WASHINGTON (AP) — The Latest on the 2016 presidential campaign. (all times Eastern):
Republican Sen. Ted Cruz of Texas says in Indiana that he will be making a “major announcement” on Wednesday afternoon amid speculation he will name a running mate even though he trails front-runner Donald Trump.
Cruz says outside an Indianapolis restaurant that Indiana will play a major role in the campaign for the Republican nomination.
He is declining to say what his announcement will be but his aides have identified a “short list” of possible vice presidential candidates. A spokeswoman for Carly Fiorina has confirmed that the former business executive is among those being considered.
Fiorina dropped out of the Republican primary earlier this year and endorsed Cruz.
Cruz cannot get the 1,237 delegates needed to clinch the GOP nomination but he’s trying to prevent Trump from crossing the delegate threshold and push the Republican race to a contested convention.
Hillary Clinton is 232 delegates shy of clinching the Democratic nomination, when including superdelegates.
After winning four of five states Tuesday, she netted dozens more delegates than Bernie Sanders.
She prevailed in Pennsylvania, Maryland, Connecticut and Delaware, while Sanders won Rhode Island.
For the night, Clinton won at least 204 delegates to Sanders’ 146.
Based on just primaries and caucuses to date, Clinton now has 1,632 delegates compared to 1,299 for Sanders.
When including superdelegates, or party officials who can back any candidate, Clinton’s total is at 90 percent of the 2,383 needed to win.
She now has 2,151 delegates to Sanders’ 1,338, according to the AP count.
There are still many delegates from Tuesday to be allocated, pending final vote tallies.
Bernie Sanders’ movement for a political revolution is reaching a crossroads even as he is vowing to campaign against Hillary Clinton through the June primaries.
The Vermont senator says after losses to Clinton in Tuesday’s primaries in Pennsylvania, Maryland, Delaware and Connecticut that he will seek as many delegates as possible to “fight for a progressive party platform.” He acknowledges in an interview with The Associated Press that he has a “very narrow path” to the nomination.
He says he will fight for every delegate and says in the interview that “if I do not win” he will bring delegates to the convention who will fight for a progressive agenda.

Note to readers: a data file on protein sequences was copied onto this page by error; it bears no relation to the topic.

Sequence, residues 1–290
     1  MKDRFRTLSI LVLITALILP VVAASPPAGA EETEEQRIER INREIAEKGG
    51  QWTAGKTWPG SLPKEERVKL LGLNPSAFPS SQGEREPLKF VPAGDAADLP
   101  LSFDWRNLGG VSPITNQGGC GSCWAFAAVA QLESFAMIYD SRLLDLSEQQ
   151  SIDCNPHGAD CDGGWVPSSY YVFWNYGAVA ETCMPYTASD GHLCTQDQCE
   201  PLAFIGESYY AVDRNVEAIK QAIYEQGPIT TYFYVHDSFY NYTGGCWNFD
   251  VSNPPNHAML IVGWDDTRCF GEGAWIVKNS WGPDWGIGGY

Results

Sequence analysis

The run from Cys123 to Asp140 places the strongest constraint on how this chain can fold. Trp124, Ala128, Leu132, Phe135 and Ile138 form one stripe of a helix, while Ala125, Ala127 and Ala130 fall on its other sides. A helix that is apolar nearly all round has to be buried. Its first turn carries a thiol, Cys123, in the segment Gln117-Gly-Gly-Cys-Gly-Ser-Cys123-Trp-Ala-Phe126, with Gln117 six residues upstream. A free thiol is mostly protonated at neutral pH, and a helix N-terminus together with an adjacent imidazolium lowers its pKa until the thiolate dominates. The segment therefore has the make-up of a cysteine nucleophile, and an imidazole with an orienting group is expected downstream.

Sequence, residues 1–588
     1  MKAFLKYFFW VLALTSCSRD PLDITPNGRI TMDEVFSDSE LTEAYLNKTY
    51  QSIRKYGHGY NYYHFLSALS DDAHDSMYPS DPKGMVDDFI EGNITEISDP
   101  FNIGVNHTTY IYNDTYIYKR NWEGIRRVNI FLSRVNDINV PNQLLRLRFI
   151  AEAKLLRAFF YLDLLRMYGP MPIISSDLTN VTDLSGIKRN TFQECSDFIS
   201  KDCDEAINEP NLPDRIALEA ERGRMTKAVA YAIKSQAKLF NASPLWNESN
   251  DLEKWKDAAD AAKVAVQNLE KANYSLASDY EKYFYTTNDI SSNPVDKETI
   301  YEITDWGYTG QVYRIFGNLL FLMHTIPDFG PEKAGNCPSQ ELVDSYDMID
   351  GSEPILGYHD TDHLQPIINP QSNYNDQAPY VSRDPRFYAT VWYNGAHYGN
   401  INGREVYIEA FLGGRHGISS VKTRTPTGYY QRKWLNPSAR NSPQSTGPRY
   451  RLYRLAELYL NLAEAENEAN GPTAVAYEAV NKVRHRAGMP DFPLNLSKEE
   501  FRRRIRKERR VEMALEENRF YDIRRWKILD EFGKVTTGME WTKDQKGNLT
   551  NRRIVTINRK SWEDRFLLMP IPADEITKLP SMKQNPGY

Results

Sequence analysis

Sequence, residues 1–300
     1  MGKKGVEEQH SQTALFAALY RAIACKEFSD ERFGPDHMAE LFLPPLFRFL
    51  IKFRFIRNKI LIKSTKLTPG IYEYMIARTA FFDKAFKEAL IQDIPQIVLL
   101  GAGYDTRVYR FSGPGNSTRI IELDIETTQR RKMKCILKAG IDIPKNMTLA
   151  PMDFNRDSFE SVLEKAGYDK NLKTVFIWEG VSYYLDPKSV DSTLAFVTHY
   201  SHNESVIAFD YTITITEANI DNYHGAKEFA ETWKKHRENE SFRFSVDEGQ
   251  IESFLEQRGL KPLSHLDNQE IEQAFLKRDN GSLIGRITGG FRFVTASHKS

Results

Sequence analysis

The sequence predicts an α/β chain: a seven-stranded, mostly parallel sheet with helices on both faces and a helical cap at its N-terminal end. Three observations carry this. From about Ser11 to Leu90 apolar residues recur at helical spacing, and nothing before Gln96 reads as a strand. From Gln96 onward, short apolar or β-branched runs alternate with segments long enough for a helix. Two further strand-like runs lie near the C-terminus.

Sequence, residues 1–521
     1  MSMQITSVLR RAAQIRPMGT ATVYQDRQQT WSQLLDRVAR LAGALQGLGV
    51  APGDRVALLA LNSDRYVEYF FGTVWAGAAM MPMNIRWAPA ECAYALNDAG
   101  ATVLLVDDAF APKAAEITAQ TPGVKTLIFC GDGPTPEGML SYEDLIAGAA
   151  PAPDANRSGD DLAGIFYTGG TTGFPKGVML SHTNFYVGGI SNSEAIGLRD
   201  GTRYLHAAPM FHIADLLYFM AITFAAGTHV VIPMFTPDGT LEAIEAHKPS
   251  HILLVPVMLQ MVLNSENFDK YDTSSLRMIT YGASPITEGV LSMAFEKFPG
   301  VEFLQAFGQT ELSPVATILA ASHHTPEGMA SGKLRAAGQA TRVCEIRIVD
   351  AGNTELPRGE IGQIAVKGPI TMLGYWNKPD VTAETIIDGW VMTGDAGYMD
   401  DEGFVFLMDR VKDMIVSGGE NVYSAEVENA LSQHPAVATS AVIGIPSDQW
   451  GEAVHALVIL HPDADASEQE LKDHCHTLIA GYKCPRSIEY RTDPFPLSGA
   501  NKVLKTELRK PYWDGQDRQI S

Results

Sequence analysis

Sanders won the Rhode Island primary and now has more than 1,300 delegates though he significantly trails Clinton.
Will the real Donald Trump stand up? The presidential candidate, fresh off five Republican primary victories in the Northeast, says the Trump that people see on any given day depends on the political circumstances in play at the time.
He’s pushing back against suggestions that he should tone down his combative campaign style as he moves closer to clinching the GOP nomination.
In a phone-in interview Wednesday, the billionaire real estate mogul told CNN that “I may tone it down.” But he quickly added, “I may tone it up.”
Trump, who reportedly has been urged to show a more presidential demeanor on the campaign stump, said, “You have to be flexible. I will determine when I see how other people punch back.”
In the interview on CNN’s “New Day,” he showed no inclination to significantly alter the bombastic campaign style that has landed him within reach of the presidential nomination. “I’m not changing,” Trump told a news conference in Manhattan on Tuesday night.
Republican presidential candidate Donald Trump, buoyed by his clean sweep of Northeast primaries, is pushing forward with his charge that Democrat Hillary Clinton is “playing the woman card.”
Trump tells CNN’s “New Day” in a telephone interview Wednesday that “she does have the woman card” but said that “a lot of women don’t like Hillary, despite the card.”
Pressed on the issue, the billionaire real estate mogul said that Clinton, who won four of five primaries Tuesday and is closing in on the Democratic Party nomination, “is playing the woman card left and right.”
He said in the interview that “she didn’t play it” when she challenged Barack Obama for the party’s nomination in 2008. But he added, “She’s doing it more now. She’ll be called on it.”